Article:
Back to more movies and nonsense (hopefully), anon.

Wednesday, February 17, 2010

Whatever Happened to Screwball Comedies?

That's Cary Grant, Katherine Hepburn, May Robson and Skippy the dog in Howard Hawks' 1938 quintessential Screwball Comedy (and my personal favorite movie of all time) Bringing Up Baby.

"But Uncle Prospero, we thought you loved Horror movies." Of course I do, but that doesn't necessarily mean my favorite movie is a Horror movie. I love all kinds of movies. And just as high on my list are good old-fashioned Screwball Comedies. Fast-talking dialog, outrageously complicated plots and smart but ditsy heroines are just a few of the mainstays of the Screwball Comedy. Films like His Girl Friday; My Man Godfrey and The Awful Truth were staples of Depression-Era films and their brilliant hilarity holds up, even after 60 or 70 years.

I know I've talked about Bringing Up Baby before, but this wonderful essay by Mike D'Angelo over at A.V. Club (via) analyzes the above-pictured scene in particular and conveniently ties in with the films of a director I mentioned just a few posts ago, Peter Bogdanovich. Interestingly enough, Bogdanavich's first credited film as a director was a 1967 television documentary called The Great Professional: Howard Hawks. It wasn't until 1971's The Last Picture Show that he came into his own. Then in 1972 he made his own Hawks-inspired Screwball Comedy, What's Up, Doc? starring Barbra Streisand and a then very hot Ryan O'Neal.

What's Up, Doc? concerns a musicologist (O'Neal); his fiancee Eunice (the brilliant and sorely missed Madeline Kahn in her film debut); a wacky heiress/perpetual student (Streisand); identical plaid bags; International spies and a host of characters played by Kenneth Mars; Austin Pendleton; Sorrell Booke; Randy Quaid and Liam Dunn, among many others. Without getting too involved, a suitcase containing rocks with which O'Neal's character intends to prove a theory about ancient music is mixed up with an identical suitcase containing secret documents. Streisand serves as the wacky heiress here, while O'Neal plays the hapless intellectual whose life is turned upside down by a chance encounter with said wacko. Set in San Francisco (one of Uncle P's favorite U.S. cities), the film culminates in an outrageous car chase through the city's many winding and hilly streets.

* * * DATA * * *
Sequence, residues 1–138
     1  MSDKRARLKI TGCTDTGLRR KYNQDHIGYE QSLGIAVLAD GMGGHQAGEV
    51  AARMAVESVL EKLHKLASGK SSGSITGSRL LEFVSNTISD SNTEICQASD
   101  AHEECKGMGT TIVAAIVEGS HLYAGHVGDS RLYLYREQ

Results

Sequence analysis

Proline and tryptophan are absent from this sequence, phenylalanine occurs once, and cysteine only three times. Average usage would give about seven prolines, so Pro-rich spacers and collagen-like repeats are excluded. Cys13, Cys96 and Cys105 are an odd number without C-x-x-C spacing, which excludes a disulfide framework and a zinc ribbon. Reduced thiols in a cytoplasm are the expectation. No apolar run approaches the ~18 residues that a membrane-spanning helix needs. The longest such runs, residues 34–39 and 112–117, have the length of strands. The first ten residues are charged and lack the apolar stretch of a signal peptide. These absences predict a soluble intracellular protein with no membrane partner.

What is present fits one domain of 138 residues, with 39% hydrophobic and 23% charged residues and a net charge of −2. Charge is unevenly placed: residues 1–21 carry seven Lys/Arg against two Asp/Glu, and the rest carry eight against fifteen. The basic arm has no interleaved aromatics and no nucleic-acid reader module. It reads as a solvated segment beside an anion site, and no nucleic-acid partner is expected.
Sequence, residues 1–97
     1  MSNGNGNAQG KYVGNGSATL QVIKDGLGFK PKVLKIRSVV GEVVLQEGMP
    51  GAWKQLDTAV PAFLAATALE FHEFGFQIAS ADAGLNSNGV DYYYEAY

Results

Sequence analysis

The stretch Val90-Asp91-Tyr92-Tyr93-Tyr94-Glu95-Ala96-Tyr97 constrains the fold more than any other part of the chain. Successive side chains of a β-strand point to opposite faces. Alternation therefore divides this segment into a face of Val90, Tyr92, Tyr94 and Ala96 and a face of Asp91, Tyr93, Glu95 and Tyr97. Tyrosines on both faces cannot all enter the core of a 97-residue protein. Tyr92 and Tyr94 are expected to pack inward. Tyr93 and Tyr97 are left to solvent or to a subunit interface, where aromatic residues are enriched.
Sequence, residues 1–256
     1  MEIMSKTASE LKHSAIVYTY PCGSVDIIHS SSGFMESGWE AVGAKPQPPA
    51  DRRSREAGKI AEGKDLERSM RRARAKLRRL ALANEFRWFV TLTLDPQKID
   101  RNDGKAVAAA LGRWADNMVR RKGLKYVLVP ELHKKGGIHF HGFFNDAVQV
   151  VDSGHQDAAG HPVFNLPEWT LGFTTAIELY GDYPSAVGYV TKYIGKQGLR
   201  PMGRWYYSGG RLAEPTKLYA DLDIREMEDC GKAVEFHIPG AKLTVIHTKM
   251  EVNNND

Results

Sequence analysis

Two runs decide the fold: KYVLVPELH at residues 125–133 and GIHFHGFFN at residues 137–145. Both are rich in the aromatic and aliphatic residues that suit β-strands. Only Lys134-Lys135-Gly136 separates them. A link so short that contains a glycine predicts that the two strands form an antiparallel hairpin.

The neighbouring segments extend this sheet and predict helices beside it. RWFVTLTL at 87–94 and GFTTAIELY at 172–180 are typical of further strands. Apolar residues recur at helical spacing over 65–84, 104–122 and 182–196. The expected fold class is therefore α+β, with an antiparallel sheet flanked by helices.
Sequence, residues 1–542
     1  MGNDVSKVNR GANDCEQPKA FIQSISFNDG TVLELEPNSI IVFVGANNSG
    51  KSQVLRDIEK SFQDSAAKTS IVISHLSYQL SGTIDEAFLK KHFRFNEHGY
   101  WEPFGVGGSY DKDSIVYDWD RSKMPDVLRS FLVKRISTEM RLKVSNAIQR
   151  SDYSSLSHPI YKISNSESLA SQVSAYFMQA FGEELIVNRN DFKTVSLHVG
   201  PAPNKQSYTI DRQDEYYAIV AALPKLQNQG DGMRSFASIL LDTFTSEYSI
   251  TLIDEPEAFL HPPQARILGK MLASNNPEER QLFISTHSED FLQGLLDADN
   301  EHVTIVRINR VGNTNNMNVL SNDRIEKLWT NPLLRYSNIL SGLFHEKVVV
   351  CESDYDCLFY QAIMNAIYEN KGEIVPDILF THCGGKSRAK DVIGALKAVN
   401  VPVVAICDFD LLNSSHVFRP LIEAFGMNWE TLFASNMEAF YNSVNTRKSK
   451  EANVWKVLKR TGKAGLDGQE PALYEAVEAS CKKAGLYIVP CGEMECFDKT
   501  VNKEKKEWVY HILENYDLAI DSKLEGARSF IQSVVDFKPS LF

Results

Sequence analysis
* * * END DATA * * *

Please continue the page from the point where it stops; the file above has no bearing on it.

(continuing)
If you aren't panting over O'Neal in that scene, you're a straight man, a lesbian or blind. And the ripping of his pajama pants? Right out of Bringing Up Baby, thank you.

Streisand would again attempt the Screwball Comedy in the inferior, but still amusing 1974 farce For Pete's Sake. But without Bogdanovich at the helm (Peter Yates directed), it just didn't have the same impact.

After What's Up Doc? Bogdanovcih directed Paper Moon, again starring O'Neal, Kahn and O'Neal's then 10 year-old daughter, Tatum. Set against the Great Depression, Paper Moon is the story of conman Moses Pray (O'Neal) and Addie Loggins, a girl who may or may not be his daughter. Kahn is the temptress who may well come between them.